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Editions
August 09 Edition Cover

Docklands infrastructure requirements

02 Oct 2009

Docklands is a wonderful place with an exciting future. Since its inception 10 years ago, too little attention has been placed on urban planning. The priority of the State Government and its Docklands authorities has been focused on building and commercial development. As a result, little infrastructure, apart from public transport, has been provided.

Since the City of Melbourne became involved in service provision in Docklands in July 2007 its authority has been limited and the Planning Minister’s announcement that the council will be given increased responsibility for planning has been welcomed by residents. What specific planning power are yet to be identified and, of course, it remains to be seen how much will be achieved, given that the three power structure of the Docklands Co-ordination Committee will still apply, whereby decision-making is shared with VicUrban and the State Government.

The infrastructure we are still waiting for includes such things as parks and gardens, land-based recreation and sporting facilities, art and culture facilities, a theatre, community centre, community boating hub, visitor parking, taxi movement arrangements and others. It is a sad indictment that after seven or more years of occupation there is virtually nowhere you can sit under a shady tree in any sort of a park. This infrastructure will also benefit visitors and, to some extent, workers. The redevelopment of the busy Harbour Esplanade will be good – but is only a start.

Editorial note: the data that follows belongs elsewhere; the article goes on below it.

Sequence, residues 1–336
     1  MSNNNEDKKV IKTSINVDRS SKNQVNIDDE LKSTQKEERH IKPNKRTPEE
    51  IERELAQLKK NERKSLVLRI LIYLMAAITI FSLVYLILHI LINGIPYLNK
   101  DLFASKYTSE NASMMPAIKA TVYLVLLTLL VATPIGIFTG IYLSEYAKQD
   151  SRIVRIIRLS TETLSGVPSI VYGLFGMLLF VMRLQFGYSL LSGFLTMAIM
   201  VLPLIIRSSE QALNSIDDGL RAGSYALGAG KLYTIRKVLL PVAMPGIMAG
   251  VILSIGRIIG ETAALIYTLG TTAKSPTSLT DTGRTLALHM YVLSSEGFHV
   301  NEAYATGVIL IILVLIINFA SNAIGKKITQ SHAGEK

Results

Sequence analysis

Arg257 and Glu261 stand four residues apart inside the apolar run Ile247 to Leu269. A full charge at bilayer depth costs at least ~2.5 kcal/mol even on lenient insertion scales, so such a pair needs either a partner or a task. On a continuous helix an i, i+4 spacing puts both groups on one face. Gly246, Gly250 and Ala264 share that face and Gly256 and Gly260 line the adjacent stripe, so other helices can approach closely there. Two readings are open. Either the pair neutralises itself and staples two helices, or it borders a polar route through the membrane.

Our big concern is that we are all the time waging a rearguard action to get these things and there is hardly any land left to utilise. At present there are only token pieces of public green space to be seen. We are told that a villa development at NewQuay West will include some internal green space provided by the developer, but apparently the only public open space of any size left is at the end of Docklands Drive at, or under, the Bolte Bridge, which is not exactly a prize location.

Given that the Docklands population is projected to grow from 6000 now to 17,000 by 2020 and the workforce from 19,000 to 40,000, it is imperative that what suitable land is left be immediately reserved. One way out is the land across Footscray Rd which will become available when the railway freight areas are moved, as planned by the State Government. They have mooted low cost housing but it is a clear opportunity exists to include space for public usage.

We all want to see Docklands achieve its full potential and cater for all needs and the DCA will play its part in helping towards achieving those ends. We will be putting forward further ideas.

And don’t forget our upcoming functions for members:

  • Our barbecue at Docklands Park on October 25; and
  • Our Christmas Party at The Hub on December 11.

Roger Gardner
President
Docklands Community Association

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